I think Larry Fitzgerald plays. He said he’s never missed a division game and that’s true. He’s missed only four games in 10 seasons, against Cleveland in 2007 and against Chicago, Oakland and Green Bay in 2006.

– A bigger concern is the ankle of Palmer. With all those pass rushers, you want your quarterback as mobile as possible. Coach Bruce Arians didn’t sound concerned. We will see how that plays out. Palmer has played at a high level which is why the Cards are doing so well. He hasn’t seen a defense like the Seahawks though, since, well, the Seahawks game.

– Won’t go through all the playoff permutations again but again, a Cards’ loss and a Carolina win and it’s over. Otherwise, the Cardinals are still breathing.

– Finally, below is a message from Tyrann Mathieu that he wanted to make sure the fans saw.

On to Seattle.


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Titans aftermath

Posted by Darren Urban on December 15, 2013 – 10:13 pm

Somehow, it turned into 2009 again. It shouldn’t have, not with the Cardinals having built a 34-17 lead and holding that lead with less than four minutes to play, but I’ll say this, the Titans kept going and Ryan Fitzpatrick looked damn good.

So, like 2009, when the Titans drove 99 yards to score on the final play of the game and rip one away from the Cards, there the Titans were, heading for the same end zone, facing a chance to score a touchdown and rip a win away from the Cards. Sure, it would just be temporarily since overtime was coming (and there was a moment there where the Titans looked like they were contemplating going for two and ending it one way or the other), but it still hurt.

The Cardinals prevailed, though, leaving Tennessee with a win that keeps their playoff hopes alive. That life span is shrinking though. The other results the Cards really could have used across the league did not happen Sunday. So the monumental task of winning in Seattle is now saddled with the realization that the Cards are going to need a sequence of events to unfold to make the postseason regardless of what they do.

– Because I’ve found on Twitter some confusion, here’s the deal: The Niners have already clinched the tiebreak over the Cardinals because of a better record in the division, regardless of the outcome of the team’s Week 17 contest. The way the tiebreaks work, a three-way tie – say between the Cards, Niners and Panthers – first checks to see if there are two of the teams in the same division. Because the Niners and Cards are, that tie is broken first, and as we already know, the Niners win that tiebreak. Cardinals are out. Which is why any tie involving the Niners is playoff death.

– Just as an FYI, I’m not interested in debating whether that’s fair or not. That’s the tiebreak procedure. It is what it is.

CLARIFYING: The three-way tiebreak does get only the first spot determined. Which does eliminate Arizona. But head-to-head between Carolina and SF is Carolina because the Panthers won head-to-head. So Carolina would be the No. 5 seed, leaving SF tied with Arizona for the No. 6. We know how that turns out. So again, a three-way tie between those teams leaves the Cards out (and by the same breakdown, the same goes for a three-way tie between SF, AZ and NO.)

– Lost a bit in the end of that thriller were the injuries to Larry Fitzgerald and Andre Ellington. Fitz got a concussion when he was hit trying to recover the final onside kick. Ellington left with a thigh bruise. Ellington was fantastic running (7.1 yards a carry) or receiving (21.8 yards per catch on four catches). The Cardinals need both of them healthy and ready in order to beat the Seahawks.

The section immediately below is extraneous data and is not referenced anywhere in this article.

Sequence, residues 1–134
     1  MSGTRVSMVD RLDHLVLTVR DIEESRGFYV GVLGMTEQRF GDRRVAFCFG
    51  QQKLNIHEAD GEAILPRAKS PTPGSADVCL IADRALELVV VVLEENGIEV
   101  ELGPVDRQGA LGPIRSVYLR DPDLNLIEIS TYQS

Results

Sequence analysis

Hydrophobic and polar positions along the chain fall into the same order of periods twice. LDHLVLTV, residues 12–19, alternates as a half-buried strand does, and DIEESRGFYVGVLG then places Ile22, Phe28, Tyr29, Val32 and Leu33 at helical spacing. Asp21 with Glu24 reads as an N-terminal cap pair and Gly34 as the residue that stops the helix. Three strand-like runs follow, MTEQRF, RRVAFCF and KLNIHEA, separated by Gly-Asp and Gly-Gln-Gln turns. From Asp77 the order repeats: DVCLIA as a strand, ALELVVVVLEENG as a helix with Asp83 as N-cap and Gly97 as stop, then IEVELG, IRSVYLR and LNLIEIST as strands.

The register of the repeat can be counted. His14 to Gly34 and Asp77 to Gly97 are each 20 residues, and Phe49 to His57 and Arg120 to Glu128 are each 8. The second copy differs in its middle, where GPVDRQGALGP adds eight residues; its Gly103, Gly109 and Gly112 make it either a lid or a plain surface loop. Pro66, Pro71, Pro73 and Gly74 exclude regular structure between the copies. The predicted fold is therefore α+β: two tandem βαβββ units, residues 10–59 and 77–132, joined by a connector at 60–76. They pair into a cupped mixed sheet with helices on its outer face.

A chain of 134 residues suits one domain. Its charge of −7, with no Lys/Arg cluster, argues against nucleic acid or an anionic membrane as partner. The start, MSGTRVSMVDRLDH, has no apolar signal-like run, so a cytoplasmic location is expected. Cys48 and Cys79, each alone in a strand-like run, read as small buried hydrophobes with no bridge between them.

– Spare me the comments that Fitzgerald shouldn’t be out there for an onside kick. It’s called the “hands” team for a reason. You want the guys with the best hands grabbing the ball.

– Justin Bethel did not get a hand on the shanked 50-yard Rob Bironas field goal attempt. “Unfortunately I didn’t,” Bethel said. “If he would have kicked it (straight) I probably would have blocked it.”

– But it is easy to make the argument that without Bethel’s hard push from the right, Bironas would not have kicked the ball like he did.

“A miss is a miss,” Bethel said. “It’s as good as a block so I’ll take it.”

Antoine Cason with a hero game. Two important interceptions, and he recovered Jay Feely’s “mortar” pooch kickoff to start the second half. Great kick by Feely by the way, and great timing by special teams coordinator Amos Jones to call it there.

– Ryan Fitzpatrick with 402 yards passing? Yeesh.

– The Cardinals had no penalties in the first half. Then they got four on the Titans’ 16-play touchdown drive to begin the second half — two of which negated third-down stops – and the Cards were not happy. They cooled down a bit postgame (winning tends to do that) but didn’t forget.

“There were some weird things that happened,” QB Carson Palmer said. “Some weird things that weren’t called in this game. I don’t know what the penalty, as far as who had more penalties. I’m pretty sure we had more penalties than they did. It was just a weird game, kind of an eerie game like that.”

Said S Rashad Johnson (who was ticked off after his penalty for an illegal hit of a receiver near the goal line and screamed at the officials), “No matter what happened out there, what calls were made, we were going to go home with that win. It just shows the maturity of this ballclub and how much we’ve grown through the year.”

– Ellington led the Cardinals in rushing (71 yards) and receiving (89 yards). The last guy to do that? Running back Marcel Shipp in December of 2002, when he had 79 yards rushing and 79 receiving in St. Louis against the Rams.

– Palmer surpassed three Hall of Fame quarterbacks in career passing yards: Troy Aikman, Y.A. Tittle and Steve Young. Palmer now has 33,154 yards passing, 27th in NFL history.

– The Cardinals just keep winning.


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Scoreboard watching and the playoff chase

Posted by Darren Urban on December 12, 2013 – 10:39 pm